The virus starts out causing flu-like symptoms, including headache, fever, muscle ache, shortness of breath and cough, and can lead to severe breathing difficulties and death.
The incubation period for the virus is typically two to four weeks after exposure, with a range between a few days and six weeks.
More than a third of cases are fatal!
There is no cure for hantavirus.
People can be infected by breathing contaminated air from infected rodents feces, urine and saliva, or by eating contaminated food or touching contaminated surfaces.
Reuters reports that some 10,000 people may be at risk or infected with the hantavirus, spread from tent cabins at Yosemite National Park in California which were evidently infected with the deadly virus.
Issues of pandemic are often overlooked or ‘out of mind’. Most people never consider the very real possibility of a rapid and very deadly outbreak of a highly contagious virus. Since it has not happened in a severe way during our lifetime, we assume that it will never happen. Looking back in history, it has been extremely devastating to world population.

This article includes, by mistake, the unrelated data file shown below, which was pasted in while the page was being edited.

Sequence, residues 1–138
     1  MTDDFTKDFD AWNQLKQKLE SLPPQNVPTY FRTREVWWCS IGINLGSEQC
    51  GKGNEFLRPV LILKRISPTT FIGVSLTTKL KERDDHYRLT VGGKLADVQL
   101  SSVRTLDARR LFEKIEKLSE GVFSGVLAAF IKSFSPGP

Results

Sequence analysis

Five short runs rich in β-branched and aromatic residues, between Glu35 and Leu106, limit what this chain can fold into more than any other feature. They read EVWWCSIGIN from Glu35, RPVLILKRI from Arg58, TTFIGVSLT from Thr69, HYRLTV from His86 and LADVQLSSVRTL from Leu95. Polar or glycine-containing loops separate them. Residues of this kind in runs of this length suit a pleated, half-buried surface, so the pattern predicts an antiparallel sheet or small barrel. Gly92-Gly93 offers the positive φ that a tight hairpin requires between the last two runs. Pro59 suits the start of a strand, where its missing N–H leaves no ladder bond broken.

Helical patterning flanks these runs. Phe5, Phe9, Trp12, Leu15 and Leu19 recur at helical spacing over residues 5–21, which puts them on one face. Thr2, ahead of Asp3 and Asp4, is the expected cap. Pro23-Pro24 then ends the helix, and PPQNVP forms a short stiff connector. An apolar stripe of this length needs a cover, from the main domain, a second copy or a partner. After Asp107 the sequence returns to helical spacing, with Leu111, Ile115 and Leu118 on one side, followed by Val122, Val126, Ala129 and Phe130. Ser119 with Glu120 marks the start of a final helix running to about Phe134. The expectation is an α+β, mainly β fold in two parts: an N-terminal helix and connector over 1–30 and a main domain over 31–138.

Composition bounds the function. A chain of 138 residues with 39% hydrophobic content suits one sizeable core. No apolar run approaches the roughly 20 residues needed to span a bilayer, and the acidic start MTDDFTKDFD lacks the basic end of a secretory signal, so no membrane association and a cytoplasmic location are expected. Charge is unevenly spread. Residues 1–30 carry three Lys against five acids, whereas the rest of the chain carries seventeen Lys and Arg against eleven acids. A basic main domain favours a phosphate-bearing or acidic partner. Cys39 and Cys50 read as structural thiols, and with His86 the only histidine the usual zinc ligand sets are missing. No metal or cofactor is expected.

Although this outbreak of hantavirus may not be the type to set back world population (it apparently does not spread between humans – only via the infected source and affected ‘air’), it should serve as a reminder that we ARE vulnerable to deadly pandemics. Think about how you could be prepared for an outbreak. How would you avoid it, and what would you need to be able to successfully do so?
The answer is ‘fairly’ simple. Avoid people (and / or the source). This means staying isolated (in your home). Which in turn means having enough supplies to survive for a period of time long enough for it to ‘blow over’. Months? Probably. What if it becomes so bad that the power goes out from a lack of maintenance and human intervention? Other utilities? You never know…
There are lots of things to consider regarding pandemic preparedness. Let this current CDC warning regarding the potential infection of 10,000 people with hantavirus and the associated possibility that more than 3,000 of them could die… be a lesson or a wake-up call.